In terms of sheer creativity and the willingness to draw influence from the most unlikely of sonic sources, hip-hop producers – and the genre as a whole – have long embodied a paradoxical battle between progression and stagnation. As a genre of cunning scavengers, hip-hop is clearly unrivaled in its ability to snatch the standout artistic bits and pieces of other styles and transform them to not just fit urban landscapes, but to move them. Of course, stealing sounds has rarely meant understanding and incorporating the structure of those other styles, and in this sense hip-hop has been largely spinning its wheels for the better part of a decade, with its constant influx of would-be beatsmiths simply drawing from the same shallow well of limited concepts and ideas.
So, what does all of this mean for the crafty sound creators who see their Technicolor compositional dreams constantly boxed in by the rigid structure of simple rhyme-directed beats? Well, in the case of Toronto producer Nicholas “Murr” Murray, it has meant reaching out to the far more expansive and rhythmically diverse universe of electronic music, hip-hop’s future-focused, lab rat cousin.
Murr’s tales date back to the mid-90’s, when groups like the Dream Warriors and Ghetto Concept – propelled by Murray’s producer collective Da Grassroots – represented the face of Canadian hip hop. While those formative years were essential and would eventually lead to partnerships with artists like K-os and Mood Ruff, Murr was frequently finding an electronic sound and rhythm pallet far more appealing, and would slowly lay his foundations in that musical neighborhood. Pensive, moody, intricately layered soundscapes touched up with subtle global infections became the introverted beat conductor’s main mode of expression, as he began to release his works on house producer Nick Holder’s DNH imprint, and through the like-minded Public Transit Records label.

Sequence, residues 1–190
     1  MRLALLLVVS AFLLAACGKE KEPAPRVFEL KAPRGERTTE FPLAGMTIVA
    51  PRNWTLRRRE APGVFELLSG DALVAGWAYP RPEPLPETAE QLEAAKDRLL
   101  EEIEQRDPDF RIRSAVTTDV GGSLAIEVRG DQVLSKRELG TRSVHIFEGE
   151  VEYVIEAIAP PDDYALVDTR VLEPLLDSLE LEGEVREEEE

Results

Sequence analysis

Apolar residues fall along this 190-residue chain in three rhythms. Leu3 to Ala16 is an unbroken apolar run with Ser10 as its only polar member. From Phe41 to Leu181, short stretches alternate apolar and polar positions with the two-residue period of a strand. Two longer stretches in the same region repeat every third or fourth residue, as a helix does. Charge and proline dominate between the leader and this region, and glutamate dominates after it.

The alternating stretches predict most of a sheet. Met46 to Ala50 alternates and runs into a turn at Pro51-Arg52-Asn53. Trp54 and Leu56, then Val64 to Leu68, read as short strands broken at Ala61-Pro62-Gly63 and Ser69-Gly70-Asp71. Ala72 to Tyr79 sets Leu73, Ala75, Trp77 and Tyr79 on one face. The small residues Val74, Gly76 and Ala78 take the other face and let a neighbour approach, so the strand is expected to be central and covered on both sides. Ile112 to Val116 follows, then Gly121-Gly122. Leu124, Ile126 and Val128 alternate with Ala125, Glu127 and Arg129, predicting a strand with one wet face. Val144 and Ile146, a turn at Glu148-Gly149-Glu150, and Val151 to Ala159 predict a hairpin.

By the time the world stumbled nervously into the year 2000, Murr’s influential electronic group, and social force, LAL were brought to the fore of the Toronto music scene. As his tastes and techniques developed, so did his desires to branch out into other auditory mediums, an interest that has landed him in the world of theatrical sound design. Murr’s ability to excel at an artform so demanding of sonic subtlety speaks to the length’s the man has gone in sound exploration, and the proof rests in the extensive works he’s done with a host of progressive Toronto theatre companies, including bcurrent, Obsidian, Pass Murait, Mammallian Diving Reflex and Birdland theatre, which produced the DORA-nominated Last Days of Judas Iscariot.
Now fresh off the release of LAL’s inspired ‘2012 disc, “LAL”, Murr embarks on his most personal endeavor to date, dropping his ambitious release “My Best Dress”